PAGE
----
Two weeks ago, I was on the sixth grade science field trip to San Diego. And as much as I loved being there with Hallie – it was really quite eye opening. Here’s a few take aways from the trip:

1. I was surprised how many kids had cell phones (most of them) and how many were on them a good portion of the trip. I sat on the bus near one boy who was on his phone the entire time. He didn’t talk to anyone. He didn’t participate in the games they played on the bus. He had his head down and I can’t even tell you what his face looks like because I only saw the top of his head. One girl was reading text messages to me from girls from the other bus who were being mean to her. Have I mentioned I’m not a fan of smart phones at such a young age?

2. The majority of the trip was paid for before ever loading the bus. The kids had to manage money for one lunch at Sea World, a dinner at a fast food restaurant on the way home and any souvenirs they might want, they recommended about $30. They even had a log at the beginning of their exploration book to keep track and budget their expenses of the trip. Some kids brought well over the suggested spending money – and spent all of it at Sea World on over priced trinkets. One girl in our group spent all her money at Sea World. Then borrowed $6 to make sure she had enough for dinner on the way home. However when we went to Seaport Village after Sea World she just had to have the small glass full of pink sand and sea shells, so she spent the $6. She was out of money.  She thought it was unfair that she couldn’t buy anything at the aquarium, it just wasn’t fair that every one else seemed to be buying the things they wanted and she couldn’t. I was a little confused and frustrated. I don’t expect 6th graders to manage money perfectly – there is definitely a learning curve. But they were given tools and as chaperones we continued to remind them and help them along and some were just oblivious. But I want it. You don’t have money. That’s not fair, I want it….it made me really stop and evaluate how we teach about money at our house.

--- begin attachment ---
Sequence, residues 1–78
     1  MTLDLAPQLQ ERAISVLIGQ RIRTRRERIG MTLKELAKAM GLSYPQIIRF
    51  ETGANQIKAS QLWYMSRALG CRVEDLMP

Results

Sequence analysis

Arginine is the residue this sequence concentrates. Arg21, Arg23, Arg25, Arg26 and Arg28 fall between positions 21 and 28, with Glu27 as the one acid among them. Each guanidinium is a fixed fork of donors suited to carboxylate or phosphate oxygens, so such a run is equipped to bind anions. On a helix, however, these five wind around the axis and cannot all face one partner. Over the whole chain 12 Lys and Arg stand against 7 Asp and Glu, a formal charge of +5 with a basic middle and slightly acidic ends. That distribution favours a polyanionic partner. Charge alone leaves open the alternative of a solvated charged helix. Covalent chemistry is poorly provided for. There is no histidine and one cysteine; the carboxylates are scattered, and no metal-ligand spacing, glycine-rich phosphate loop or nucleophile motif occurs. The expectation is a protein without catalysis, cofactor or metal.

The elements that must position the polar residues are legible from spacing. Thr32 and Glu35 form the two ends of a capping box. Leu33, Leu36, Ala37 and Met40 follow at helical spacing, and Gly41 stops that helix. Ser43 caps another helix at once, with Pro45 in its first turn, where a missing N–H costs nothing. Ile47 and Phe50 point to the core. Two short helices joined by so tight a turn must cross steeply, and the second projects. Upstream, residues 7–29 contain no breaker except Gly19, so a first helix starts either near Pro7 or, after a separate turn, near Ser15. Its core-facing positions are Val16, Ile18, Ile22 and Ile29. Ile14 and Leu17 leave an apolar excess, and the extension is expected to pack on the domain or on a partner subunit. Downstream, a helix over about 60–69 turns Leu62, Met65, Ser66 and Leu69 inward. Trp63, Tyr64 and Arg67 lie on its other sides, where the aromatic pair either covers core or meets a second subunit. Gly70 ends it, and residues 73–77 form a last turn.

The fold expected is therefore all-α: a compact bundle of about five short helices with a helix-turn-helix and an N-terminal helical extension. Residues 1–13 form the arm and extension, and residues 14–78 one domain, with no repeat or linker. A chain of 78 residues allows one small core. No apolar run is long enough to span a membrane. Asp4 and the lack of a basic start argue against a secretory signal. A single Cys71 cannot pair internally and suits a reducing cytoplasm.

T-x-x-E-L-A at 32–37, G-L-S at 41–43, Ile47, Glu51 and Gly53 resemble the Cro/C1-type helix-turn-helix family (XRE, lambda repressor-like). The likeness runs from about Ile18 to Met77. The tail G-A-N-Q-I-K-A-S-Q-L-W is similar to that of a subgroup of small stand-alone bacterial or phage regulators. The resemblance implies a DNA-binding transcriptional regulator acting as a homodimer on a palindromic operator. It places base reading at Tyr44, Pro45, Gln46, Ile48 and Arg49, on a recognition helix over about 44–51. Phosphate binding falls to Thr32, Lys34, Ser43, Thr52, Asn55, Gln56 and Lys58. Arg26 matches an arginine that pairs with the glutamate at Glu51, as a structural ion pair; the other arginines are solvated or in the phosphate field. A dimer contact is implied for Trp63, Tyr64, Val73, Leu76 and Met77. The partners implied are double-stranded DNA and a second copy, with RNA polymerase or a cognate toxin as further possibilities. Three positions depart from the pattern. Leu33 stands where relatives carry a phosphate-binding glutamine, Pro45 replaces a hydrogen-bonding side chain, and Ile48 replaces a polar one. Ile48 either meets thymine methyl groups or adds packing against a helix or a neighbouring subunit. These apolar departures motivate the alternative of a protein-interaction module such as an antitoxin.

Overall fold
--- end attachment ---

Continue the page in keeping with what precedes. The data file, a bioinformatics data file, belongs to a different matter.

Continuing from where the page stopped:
3. It’s interesting to watch your kids with their peers. I often see Hallie spending time with her close friends but I haven’t really seen her outside of that small peer group. This trip I was able to observe from afar how she interacts. She’s quiet and reserved. She doesn’t seek attention and doesn’t want attention. She’s a rule follower and it makes my mom heart proud to know that. She is helpful without being asked.

4. Like Hallie, I’m a rule follower and I expect others to do the same. What I recognized on this trip is that we don’t always expect kids to follow the rules that we set. For example, as we were nearing the end of our trip, we made one final stop to eat dinner. Before unloading, the guide set down some rules. One being, the kids absolutely could not have soda or ice cream on the bus. She reiterated this rule several times. By the time we got in line there was a large group already in line placing and receiving orders. Every one of them had soda or ice cream. The guide was in line and the kids behind me asked her why everyone was getting soda. The guide made an announcement and reminded everyone they couldn’t have soda. But the kids behind me noticed that she wasn’t taking the drinks away, so they ordered drinks as well. Hallie wanted a drink, but also wanted to follow the rules, so she went without. One of the few who went without. As I watched all the kids walking to the bus, I pointed out to the guide, that she was going to need a large trash bin for all the drinks, but she insisted she would make them throw them away. She didn’t. 80% boarded the bus with the sweets and drinks and the kids that followed rules looked at them with envy, probably thinking to themselves they should’ve broken the rule too. It made me realize, we’re not doing our kids any favors by making rules and then not following through. Either don’t have the rule at all, or follow through. Kids shouldn’t get used to breaking rules because they don’t apply to them or because they’re the exception. They will always want to be the exception.

5. Spending almost 20 hours on a bus full of 6th graders is not my ideal mode of transportation – but I had a great time and I would love to go again with my boys.

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